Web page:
Barnes captures this in her post when she explains,

While I’m pushing my daughter on a swing I am turning ideas over in my head. When I am watching TV or chatting with friends, I am thinking about how what we are saying fits with what I want to write about.

I could not agree more. My ideas often form and ferment when I am out and about.

It is easy to get caught up in impact and the influence of digital tools, but this has always been my habit. I have always built my ideas slowly. Back in university, I would always be writing down bits and pieces on anything and everything. Old envelopes were often my favourite.

Before becoming a teacher, I was a cleaner. Working odd hours, I was usually left to my own accord. Often I would stop after mopping this or cleaning that and hurriedly scribble down a few thoughts associated with an essay I was in the midst of. Nowadays I have replaced the paper with various apps. In the words of Bill Ferriter, technology has made this more doable. However, the habit itself of constructing ideas has not changed.

A Mobile Workflow

Over time, I have explored a range of digital workflows. I used Evernote for a while until I lost a post because of syncing issues. I think that I had a document open in two locations so when it backed up, I lost a whole lot of work. I then toyed with notes for a bit, as they connected with my Gmail account. However, the most dominant application that I have used for a while is Google Docs. The game changer with Docs was when offline capabilities were added a few years ago. So, for example, with my monthly newsletter, I create a template in Docs and progressively add to it as the month unfolds.

In addition to Docs, I use Google Keep for snippets of ideas that have not found a home or links that I might want to take further action on, whether it be adding them to a post or writing a comment.

I tinkered for a while with recording ideas. Both Keep and Docs allow this. However, I feel that recording works best when an initial draft is already written, not when ideas are still at a stage of stream-of-consciousness. I also found that the voice-to-text functionality on my Android mobile was not as good as using it via the web in Docs.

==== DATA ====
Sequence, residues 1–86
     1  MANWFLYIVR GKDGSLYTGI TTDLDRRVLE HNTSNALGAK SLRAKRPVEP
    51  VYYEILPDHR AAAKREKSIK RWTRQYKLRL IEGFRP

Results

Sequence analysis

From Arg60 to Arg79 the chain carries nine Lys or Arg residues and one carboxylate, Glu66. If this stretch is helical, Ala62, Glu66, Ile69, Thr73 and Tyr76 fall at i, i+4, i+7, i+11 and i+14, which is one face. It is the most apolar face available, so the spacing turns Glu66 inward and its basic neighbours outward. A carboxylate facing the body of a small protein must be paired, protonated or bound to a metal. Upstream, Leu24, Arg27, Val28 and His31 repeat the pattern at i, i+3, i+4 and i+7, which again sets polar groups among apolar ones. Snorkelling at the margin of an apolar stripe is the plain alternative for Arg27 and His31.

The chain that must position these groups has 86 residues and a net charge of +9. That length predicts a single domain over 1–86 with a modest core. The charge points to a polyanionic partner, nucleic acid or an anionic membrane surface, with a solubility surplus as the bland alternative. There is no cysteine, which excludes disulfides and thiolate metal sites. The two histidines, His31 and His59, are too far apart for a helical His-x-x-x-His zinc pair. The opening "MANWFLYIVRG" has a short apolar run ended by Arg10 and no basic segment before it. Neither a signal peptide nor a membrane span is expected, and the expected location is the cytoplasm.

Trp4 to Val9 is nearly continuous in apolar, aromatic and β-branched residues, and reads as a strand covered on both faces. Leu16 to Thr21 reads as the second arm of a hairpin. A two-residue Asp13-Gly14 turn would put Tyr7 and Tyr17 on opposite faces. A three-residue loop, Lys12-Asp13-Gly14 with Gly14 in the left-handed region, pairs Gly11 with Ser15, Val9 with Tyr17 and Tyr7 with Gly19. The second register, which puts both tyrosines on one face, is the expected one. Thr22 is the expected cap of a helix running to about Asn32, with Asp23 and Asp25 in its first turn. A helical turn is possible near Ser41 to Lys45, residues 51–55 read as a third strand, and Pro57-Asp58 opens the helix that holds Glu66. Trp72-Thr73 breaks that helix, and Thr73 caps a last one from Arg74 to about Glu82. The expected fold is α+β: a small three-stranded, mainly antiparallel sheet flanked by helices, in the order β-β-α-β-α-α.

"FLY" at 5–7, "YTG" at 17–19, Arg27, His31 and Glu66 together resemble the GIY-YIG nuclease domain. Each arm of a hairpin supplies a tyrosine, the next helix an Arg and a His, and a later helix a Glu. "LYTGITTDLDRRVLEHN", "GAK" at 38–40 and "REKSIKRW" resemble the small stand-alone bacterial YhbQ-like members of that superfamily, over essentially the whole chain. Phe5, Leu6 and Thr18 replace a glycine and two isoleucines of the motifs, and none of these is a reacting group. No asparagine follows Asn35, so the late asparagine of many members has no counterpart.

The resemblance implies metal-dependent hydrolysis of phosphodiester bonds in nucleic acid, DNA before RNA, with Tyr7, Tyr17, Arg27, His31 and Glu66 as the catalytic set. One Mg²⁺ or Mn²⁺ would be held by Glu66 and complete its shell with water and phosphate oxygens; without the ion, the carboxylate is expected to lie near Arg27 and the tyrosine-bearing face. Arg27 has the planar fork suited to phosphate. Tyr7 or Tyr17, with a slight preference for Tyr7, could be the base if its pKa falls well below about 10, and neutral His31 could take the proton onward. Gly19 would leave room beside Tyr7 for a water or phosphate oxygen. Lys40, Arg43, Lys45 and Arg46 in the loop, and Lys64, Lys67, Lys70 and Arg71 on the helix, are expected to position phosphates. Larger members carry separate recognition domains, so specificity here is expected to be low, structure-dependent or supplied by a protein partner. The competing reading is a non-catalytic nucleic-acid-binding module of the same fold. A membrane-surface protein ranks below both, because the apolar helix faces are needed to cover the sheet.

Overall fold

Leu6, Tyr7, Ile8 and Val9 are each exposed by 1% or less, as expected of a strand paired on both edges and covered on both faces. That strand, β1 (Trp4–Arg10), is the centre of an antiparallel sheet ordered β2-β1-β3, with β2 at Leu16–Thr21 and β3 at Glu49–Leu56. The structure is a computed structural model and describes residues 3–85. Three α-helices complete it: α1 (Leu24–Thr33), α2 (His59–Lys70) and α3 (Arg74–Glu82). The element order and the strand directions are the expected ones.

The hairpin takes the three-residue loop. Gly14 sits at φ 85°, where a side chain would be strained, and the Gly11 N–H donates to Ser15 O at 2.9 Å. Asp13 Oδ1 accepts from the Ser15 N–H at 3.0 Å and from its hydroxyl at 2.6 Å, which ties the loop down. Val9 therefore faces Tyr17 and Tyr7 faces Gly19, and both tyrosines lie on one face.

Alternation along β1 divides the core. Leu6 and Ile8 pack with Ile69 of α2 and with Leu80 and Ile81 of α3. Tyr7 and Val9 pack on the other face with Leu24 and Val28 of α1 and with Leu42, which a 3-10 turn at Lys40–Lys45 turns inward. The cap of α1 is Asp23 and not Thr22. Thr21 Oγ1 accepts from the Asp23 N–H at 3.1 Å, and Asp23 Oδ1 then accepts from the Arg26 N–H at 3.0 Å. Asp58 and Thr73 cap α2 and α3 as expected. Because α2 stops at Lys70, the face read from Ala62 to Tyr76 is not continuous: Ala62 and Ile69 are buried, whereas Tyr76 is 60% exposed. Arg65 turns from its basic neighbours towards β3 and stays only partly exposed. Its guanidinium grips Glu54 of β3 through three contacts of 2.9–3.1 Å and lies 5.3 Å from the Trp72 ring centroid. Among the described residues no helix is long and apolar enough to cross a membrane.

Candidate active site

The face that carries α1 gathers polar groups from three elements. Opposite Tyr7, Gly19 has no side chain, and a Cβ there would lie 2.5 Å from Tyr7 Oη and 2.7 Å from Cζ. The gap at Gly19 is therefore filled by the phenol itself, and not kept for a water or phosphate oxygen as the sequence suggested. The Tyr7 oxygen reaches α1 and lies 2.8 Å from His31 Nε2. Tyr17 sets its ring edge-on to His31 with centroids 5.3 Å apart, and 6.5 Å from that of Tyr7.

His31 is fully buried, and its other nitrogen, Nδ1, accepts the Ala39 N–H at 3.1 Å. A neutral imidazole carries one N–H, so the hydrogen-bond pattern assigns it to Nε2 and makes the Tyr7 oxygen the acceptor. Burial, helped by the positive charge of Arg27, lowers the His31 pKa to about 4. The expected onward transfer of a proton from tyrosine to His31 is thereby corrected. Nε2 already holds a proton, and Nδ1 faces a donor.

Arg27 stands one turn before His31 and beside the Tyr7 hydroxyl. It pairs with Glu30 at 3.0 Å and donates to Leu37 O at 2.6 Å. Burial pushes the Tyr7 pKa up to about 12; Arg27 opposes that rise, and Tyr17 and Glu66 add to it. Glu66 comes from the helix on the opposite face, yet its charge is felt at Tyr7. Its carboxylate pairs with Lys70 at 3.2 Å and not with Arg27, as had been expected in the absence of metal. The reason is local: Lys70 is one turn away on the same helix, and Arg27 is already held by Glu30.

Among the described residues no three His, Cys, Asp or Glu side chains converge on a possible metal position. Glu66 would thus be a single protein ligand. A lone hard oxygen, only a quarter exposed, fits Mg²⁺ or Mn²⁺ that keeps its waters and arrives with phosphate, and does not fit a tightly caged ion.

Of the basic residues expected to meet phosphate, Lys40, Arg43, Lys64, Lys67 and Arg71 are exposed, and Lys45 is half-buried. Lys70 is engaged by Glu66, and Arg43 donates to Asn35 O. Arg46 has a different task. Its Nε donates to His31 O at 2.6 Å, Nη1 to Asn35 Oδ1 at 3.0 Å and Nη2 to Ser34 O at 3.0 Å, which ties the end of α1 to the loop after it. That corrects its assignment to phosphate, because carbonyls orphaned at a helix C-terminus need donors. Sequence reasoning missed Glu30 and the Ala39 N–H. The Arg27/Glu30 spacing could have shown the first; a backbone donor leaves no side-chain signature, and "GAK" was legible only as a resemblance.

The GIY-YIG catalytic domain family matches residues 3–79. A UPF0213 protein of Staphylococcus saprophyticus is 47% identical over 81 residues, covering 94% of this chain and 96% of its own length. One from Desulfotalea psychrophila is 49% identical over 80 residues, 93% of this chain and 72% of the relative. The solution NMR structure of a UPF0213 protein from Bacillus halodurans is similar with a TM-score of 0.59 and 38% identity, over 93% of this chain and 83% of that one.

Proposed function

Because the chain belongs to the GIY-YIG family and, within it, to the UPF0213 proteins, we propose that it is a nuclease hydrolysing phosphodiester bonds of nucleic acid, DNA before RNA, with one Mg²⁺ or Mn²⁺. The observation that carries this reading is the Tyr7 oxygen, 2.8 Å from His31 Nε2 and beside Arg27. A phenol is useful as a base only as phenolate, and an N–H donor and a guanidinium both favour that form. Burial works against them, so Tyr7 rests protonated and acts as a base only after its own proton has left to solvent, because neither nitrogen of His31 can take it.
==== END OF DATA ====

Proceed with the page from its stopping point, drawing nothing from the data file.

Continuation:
To support my working space, I develop ideas using social bookmarking, in particular, Diigo. Whether it be annotating posts or taking a few notes, these are the ideas that I store for later. Once I start building an idea, I will often go to Diigo to mine for further ideas and inspiration. It acts as something of an extended memory. Something that Clive Thompson touches on in his book, Smarter Than You Think. I also read quite a few books on my phone using either via the Kindle app or PDF and often dive into these as well.

Limits to Writing On the Fly

There are limits to going mobile. I could manage, but it would not be ideal. Earlier this year, with the arrival of our second daughter, I spent two months depending on my phone. Much of my writing was done while she was asleep in my arms. I wrote using Docs and posted via WordPress in the browser. Being a keen attributor, adding endless links can be fiddly. The continual cycle of flipping through tabs, copying links, adding them to text and making sure they open in a new tab is both frustrating and tedious. I have at least now discovered a plugin that makes all links open in a new tab, but the process is still annoying on a phone.

In addition to this, embedding content is near on impossible. Having ventured down the path of creating my own images, posting them to Flickr via my Known instance and adding them via Flickr using Alan Levine’s CC bookmarklet. This is very much dependant on the desktop. I won’t even start with embedding other content, such as video and audio.